On 2020-05-01 4:43 p.m., Chris Angelico wrote:
On Sat, May 2, 2020 at 5:21 AM Soni L. email@example.com wrote:
On 2020-05-01 3:41 p.m., Chris Angelico wrote:
On Sat, May 2, 2020 at 4:38 AM Soni L. firstname.lastname@example.org wrote:
On 2020-05-01 3:10 p.m., Brandt Bucher wrote:
I have pushed a first draft of PEP 618:
Please let me know what you think – I'd love to hear any *new* feedback that hasn't yet been addressed in the PEP!
What about using an optional kwarg for a handler for mismatched lengths? I made a post about it on the other thread and it's not addressed in the PEP. It'd make zip capable of doing zip_shortest, zip_equal (aka zip(strict=True)) and zip_longest, it's not stringly-typed, and it's user-extensible. Something along the lines of zip(foo, bar, baz, and_then=lambda consumed_items, iters: ...).
# iterates in chunks, e.g. a very large file that wouldn't fit all in RAM zip(*[iter(x)]*32, and_then=lambda res, _: (yield res))
I'm honestly not sure how useful this really is in practice. Iterating over a file is already going to be chunked. What do you gain by wrapping it up in an opaque zip call?
# strict zip sentinel = object() def zip_eq(res, iters): if res or any(next(x, sentinel) is not sentinel for x in iters): raise ValueError zip(a, b, c, and_then=zip_eq) # this would ideally be zip.strict e.g. zip(a, b, c, and_then=zip.strict), but w/e.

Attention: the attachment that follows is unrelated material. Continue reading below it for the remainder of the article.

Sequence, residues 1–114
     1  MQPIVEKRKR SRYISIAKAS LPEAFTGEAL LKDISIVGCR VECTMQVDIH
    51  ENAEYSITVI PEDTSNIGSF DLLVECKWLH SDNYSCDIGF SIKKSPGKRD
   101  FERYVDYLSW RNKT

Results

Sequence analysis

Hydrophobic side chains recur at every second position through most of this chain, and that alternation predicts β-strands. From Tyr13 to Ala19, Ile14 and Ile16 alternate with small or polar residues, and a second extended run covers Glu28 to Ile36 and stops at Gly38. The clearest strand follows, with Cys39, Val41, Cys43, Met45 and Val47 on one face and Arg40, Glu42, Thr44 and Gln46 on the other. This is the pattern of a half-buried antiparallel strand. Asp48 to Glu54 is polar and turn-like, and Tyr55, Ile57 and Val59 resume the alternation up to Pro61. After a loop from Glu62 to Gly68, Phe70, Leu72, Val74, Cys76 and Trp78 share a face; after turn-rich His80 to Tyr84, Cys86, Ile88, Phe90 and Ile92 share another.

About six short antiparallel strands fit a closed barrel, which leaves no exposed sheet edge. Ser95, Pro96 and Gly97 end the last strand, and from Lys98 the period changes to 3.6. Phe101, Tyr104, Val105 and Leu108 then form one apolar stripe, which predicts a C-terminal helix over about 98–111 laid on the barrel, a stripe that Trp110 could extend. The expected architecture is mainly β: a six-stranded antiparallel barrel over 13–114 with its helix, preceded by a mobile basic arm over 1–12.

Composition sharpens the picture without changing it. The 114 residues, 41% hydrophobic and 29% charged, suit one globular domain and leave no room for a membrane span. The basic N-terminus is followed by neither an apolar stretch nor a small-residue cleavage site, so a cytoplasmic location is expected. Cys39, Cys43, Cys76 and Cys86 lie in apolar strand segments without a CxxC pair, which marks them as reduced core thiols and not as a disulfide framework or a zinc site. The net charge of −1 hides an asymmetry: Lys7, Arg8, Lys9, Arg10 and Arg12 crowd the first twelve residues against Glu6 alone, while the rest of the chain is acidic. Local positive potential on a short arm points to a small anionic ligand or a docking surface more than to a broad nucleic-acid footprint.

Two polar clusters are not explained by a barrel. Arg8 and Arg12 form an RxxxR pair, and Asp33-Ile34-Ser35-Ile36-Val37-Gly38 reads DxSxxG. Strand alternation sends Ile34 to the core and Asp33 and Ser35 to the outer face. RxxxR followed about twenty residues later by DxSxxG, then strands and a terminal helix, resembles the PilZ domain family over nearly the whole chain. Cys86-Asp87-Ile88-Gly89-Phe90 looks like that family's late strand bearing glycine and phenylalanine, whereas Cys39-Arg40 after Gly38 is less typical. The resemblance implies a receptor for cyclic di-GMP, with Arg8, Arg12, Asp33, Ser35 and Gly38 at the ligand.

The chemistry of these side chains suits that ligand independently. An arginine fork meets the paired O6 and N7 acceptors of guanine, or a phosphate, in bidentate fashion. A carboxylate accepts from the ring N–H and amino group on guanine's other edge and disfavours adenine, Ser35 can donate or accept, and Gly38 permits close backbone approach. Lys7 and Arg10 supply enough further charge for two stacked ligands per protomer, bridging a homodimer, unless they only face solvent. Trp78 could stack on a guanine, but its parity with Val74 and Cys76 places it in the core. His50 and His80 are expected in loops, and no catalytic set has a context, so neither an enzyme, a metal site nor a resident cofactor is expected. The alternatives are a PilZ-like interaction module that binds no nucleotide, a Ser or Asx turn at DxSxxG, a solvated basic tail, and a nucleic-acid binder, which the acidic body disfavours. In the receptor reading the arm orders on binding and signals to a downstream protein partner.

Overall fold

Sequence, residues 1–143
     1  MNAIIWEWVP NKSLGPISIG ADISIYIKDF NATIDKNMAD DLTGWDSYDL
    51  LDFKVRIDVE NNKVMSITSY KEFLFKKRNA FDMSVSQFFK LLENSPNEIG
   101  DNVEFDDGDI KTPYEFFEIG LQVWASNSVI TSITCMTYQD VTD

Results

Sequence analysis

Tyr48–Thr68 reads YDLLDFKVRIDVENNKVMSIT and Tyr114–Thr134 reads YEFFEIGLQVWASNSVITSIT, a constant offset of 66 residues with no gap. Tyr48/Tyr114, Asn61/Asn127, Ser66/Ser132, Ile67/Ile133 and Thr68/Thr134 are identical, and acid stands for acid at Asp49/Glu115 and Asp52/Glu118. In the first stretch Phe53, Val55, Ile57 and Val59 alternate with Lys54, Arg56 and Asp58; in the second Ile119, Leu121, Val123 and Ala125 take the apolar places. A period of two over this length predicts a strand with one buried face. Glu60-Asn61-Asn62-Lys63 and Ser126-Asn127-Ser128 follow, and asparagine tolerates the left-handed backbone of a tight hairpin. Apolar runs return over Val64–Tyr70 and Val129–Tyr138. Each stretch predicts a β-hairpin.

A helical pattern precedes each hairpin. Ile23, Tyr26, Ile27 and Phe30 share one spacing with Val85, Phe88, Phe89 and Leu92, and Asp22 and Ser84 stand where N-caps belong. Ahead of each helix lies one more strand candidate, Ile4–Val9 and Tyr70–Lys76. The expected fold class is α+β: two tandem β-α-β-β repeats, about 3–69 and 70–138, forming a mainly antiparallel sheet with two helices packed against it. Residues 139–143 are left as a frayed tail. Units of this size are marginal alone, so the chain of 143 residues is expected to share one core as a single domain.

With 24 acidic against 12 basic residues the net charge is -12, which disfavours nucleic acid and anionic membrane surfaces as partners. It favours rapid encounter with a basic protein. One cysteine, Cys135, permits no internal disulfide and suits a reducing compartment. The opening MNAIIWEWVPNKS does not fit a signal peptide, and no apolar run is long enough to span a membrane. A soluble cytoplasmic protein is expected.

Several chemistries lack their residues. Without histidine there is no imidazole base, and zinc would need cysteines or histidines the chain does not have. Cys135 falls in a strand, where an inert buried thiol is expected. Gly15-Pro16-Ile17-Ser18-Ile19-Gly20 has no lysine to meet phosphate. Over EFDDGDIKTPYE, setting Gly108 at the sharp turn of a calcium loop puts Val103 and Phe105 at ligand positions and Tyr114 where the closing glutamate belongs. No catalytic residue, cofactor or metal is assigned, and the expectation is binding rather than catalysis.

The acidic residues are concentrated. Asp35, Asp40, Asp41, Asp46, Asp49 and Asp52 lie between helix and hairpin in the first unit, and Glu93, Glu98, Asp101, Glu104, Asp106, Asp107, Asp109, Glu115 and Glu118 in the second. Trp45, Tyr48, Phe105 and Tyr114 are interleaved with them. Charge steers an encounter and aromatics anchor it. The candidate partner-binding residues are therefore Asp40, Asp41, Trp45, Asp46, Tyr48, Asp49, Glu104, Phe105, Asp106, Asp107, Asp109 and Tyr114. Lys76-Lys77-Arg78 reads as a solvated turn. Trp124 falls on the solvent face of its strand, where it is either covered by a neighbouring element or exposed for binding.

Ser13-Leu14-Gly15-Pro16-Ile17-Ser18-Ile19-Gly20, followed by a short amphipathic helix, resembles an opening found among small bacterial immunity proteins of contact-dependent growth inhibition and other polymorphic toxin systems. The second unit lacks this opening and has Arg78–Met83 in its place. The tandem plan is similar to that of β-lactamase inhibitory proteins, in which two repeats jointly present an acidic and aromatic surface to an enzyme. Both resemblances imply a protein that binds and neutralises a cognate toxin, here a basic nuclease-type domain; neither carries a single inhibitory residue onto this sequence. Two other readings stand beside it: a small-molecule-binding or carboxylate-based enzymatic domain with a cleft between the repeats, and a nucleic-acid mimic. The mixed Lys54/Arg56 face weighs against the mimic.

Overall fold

So.... a messier and noisier spelling of what's already in this proposal...
# normal (shortest) zip but using an explicit function def no_op(*args, **kwargs): pass zip(a, b, c, and_then=no_op)
... and a messier and noisier spelling of what we already have.
I say again, YAGNI. Give an actual use-case for the excessive generality of your proposal - namely, the ability to provide a custom function. And show that it's better with zip than just with a custom generator function.
we can finally push for the no_op function, for starters. but the main benefit is, again, being able to get the iterated values which were silently swallowed by zip when the iteration stopped.
also: I don't like booleans. they're not extensible, unless you consider None. you either get it right the first time, add a new boolean argument later, or use enum.Flag from the beginning. this callback-based API sidesteps all these issues.
and just in case maybe zip(strict=True) should be zip(errors=True) and we can later change it to zip(errors="replace", value=Foo) to get zip_longest >.< (no really bools = bad please don't use them in new APIs)
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